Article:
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Choosing the right words can help adult children have conversations - rather than fights - with aging parents about living circumstances.
Ideally, families should be talking about elders' goals, values, and priorities long before their health becomes shaky, experts said. It may take years and many talks to convince parents to accept outside help.
Before a crisis, families should discuss contingency plans if an elder breaks a hip or develops dementia, said Barry Jacobs, a Delaware County psychologist who specializes in family caregiving. It's good to tour different types of facilities together.
Seniors may respond better if their adult children bring up the topic of housing slowly, simply, and without a lot of drama.
Work with facts. Experts suggested getting a neuropsychological and medical evaluation for a parent with cognitive problems or disabilities. Experts can also evaluate driving ability.
"I often find that my job is just kind of the arbiter of what's going on," said Jason Karlawish, a University of Pennsylvania dementia expert. "That can help remove the child from being diagnostician, prognosticator and decision-maker." He often suggests that patients just try adult daycare for a while. That gives caregivers a break and could ease the transition to new housing.
Adult children need to approach the parent as an ally, not an adversary.
"[The message is] 'Hey, I'm on your side,' " Jacobs said. "I'm not setting myself up as the person who's taking over your life." He often meets with sibling groups, so they can approach difficult conversations in a unified way.
"The more the child pushes, the more the parent pushes back," said Steven Zarit, a Pennsylvania State University professor emeritus and psychologist who specializes in aging.
He suggests a nonconfrontational style that lets the parent think about alternatives. "[Try saying] 'I'm concerned about your safety here,' " he said. " 'I know you're getting around and everything is fine right now. I wonder if we could talk about some things we could do if you need more help.' "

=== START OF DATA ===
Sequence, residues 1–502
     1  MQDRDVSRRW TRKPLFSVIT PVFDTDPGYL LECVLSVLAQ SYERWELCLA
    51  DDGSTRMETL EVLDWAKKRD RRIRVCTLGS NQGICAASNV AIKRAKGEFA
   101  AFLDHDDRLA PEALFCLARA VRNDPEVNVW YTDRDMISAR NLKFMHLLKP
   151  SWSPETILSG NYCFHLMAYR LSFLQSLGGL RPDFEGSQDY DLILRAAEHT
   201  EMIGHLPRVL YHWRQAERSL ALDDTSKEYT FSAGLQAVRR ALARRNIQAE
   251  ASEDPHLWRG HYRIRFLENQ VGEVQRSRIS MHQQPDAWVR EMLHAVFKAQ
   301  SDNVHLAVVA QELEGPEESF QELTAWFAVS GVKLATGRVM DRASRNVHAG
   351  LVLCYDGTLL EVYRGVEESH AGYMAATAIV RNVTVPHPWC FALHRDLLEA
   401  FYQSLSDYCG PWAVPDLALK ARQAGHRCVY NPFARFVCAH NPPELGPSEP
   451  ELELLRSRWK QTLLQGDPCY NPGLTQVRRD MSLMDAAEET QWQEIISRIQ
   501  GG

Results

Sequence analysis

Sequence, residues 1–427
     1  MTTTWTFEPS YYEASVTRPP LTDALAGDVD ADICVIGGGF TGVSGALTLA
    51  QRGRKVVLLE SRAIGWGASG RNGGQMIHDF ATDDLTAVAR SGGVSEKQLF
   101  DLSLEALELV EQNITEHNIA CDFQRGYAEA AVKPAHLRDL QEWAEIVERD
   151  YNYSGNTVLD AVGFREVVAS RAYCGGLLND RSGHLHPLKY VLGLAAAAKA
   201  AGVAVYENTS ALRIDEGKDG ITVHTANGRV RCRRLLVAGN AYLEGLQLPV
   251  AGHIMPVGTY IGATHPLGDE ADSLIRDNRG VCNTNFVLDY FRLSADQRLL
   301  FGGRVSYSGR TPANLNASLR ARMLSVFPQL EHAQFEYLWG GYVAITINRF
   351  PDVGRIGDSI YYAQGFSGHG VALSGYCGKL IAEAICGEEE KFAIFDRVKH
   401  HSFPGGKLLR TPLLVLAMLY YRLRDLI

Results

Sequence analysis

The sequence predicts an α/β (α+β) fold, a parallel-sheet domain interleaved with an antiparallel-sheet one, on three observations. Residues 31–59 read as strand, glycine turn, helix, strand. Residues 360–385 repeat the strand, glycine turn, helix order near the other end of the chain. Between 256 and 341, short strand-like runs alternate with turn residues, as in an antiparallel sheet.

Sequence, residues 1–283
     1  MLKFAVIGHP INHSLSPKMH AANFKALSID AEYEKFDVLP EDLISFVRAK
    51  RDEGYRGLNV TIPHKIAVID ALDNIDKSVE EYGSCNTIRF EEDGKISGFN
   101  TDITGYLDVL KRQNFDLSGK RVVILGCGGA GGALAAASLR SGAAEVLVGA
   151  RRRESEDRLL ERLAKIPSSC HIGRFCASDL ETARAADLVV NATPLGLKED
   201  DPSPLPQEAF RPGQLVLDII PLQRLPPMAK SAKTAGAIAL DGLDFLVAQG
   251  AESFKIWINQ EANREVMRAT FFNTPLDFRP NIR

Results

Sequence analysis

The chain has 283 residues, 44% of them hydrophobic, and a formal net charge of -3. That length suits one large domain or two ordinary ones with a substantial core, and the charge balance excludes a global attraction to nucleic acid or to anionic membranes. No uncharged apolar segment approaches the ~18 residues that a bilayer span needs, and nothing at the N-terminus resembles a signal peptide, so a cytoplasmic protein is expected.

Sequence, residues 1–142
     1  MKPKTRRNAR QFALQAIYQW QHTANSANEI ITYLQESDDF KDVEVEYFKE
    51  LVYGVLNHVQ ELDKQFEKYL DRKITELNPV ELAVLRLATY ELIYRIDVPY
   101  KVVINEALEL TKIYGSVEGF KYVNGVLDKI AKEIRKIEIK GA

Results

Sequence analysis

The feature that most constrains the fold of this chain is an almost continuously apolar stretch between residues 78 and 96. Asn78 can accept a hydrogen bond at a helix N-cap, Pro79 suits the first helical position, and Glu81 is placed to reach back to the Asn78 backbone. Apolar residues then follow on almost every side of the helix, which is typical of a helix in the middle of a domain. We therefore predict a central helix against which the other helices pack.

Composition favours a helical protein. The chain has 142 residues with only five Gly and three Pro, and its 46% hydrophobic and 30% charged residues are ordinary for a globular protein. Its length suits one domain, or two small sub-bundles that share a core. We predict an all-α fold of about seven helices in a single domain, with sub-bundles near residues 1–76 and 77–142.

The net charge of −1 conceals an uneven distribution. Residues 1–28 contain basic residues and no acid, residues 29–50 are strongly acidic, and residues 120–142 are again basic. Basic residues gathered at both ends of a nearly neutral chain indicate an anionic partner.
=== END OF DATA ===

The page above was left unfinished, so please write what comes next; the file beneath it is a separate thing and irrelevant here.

Jacobs has experienced challenging caregiving himself with his late stepfather and mother. His latest book, written with his wife, therapist Julia Mayer, is Meditations for Caregivers, Practical, Emotional, and Spiritual Support for You and Your Family.
Done correctly, these conversations should be "in the spirit of love and cooperation," he said.
Here are some other things Jacobs suggests saying:
"I love you and I care about you and I want the best for you. I want to know what you want for yourself."
"I want to help."
"As much as we might hope things could stay the same, that's not realistic."
If a parent won't talk, the adult child can describe how that makes her feel:
"You're making me anxious. I'm going to have to respond to a crisis and I don't want to respond to a crisis."
"I'm old enough and mature enough to be part of this conversation."
"We're at a point where we need to do this together."
Donna Rasin-Waters, a psychologist at the San Francisco VA Medical Center, agrees that this is about working with the parent. Even though many adult children feel they have switched roles, this is "not reverse parenting," she said. "That's not really [the parent's] perspective."
She said families need to have frank discussions about their values and fears. A lot of adult children are worried about how they'll feel if their mother falls, but they often won't ask her how she feels about dying.
The questions need to be direct.